Incretin-based therapies mimic or augment the gut-hormone glucagon-like peptide (GLP)-1 and, due to their glucose-lowering potential and beneficial safety profile, as well as their cardiovascular safety and/or protection, are prescribed on a large scale to treat individuals with type 2 diabetes (T2D). However, whether the two drug-classes that belong to this category, respectively GLP-1 receptor agonists and dipeptidyl peptidase (DPP)-4 inhibitors, also reduce the risk of diabetic kidney disease (DKD) is at present heavily debated. This review aims to discuss the current evidence.
Evidence from land-mark cardiovascular safety trials, conducted in people with T2D at high-cardiovascular risk but with normal kidney function, suggest that both drug-classes have excellent renal safety profiles. In contrast to DPP-4 inhibitors, it seems that GLP-1 receptor agonists reduce albuminuria and possibly induce a reduction of estimated glomerular filtration rate decline. However, the trials were not properly designed to test renal outcomes.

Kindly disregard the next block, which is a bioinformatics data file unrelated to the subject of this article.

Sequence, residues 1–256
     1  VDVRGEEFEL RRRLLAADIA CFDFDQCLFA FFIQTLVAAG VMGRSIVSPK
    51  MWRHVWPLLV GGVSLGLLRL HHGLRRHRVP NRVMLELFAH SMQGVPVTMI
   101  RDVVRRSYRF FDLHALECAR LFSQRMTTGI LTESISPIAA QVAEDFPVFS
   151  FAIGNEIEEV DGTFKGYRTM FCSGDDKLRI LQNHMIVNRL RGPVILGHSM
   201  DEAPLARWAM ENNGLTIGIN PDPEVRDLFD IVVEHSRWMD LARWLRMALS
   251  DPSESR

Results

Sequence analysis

A dedicated renal trial involving a GLP-1 receptor agonist has recently commenced and will answer the question whether these drugs will be effective to reduce DKD. Moreover, ongoing mechanism-of-action studies are focusing on the renal physiological effects of GLP-1, as the effects on particularly albuminuria reduction remain currently unexplained.
Department of Internal Medicine, Diabetes Center, Amsterdam University Medical Centers, Amsterdam, The Netherlands
Correspondence to Daniël H. van Raalte, MD, PhD, Department of Internal Medicine, Diabetes Center, Amsterdam University Medical Centers, VUMC, De Boelelaan 1117, 1081 HV Amsterdam, The Netherlands. Tel: +31 20 4440534; e-mail: email@example.com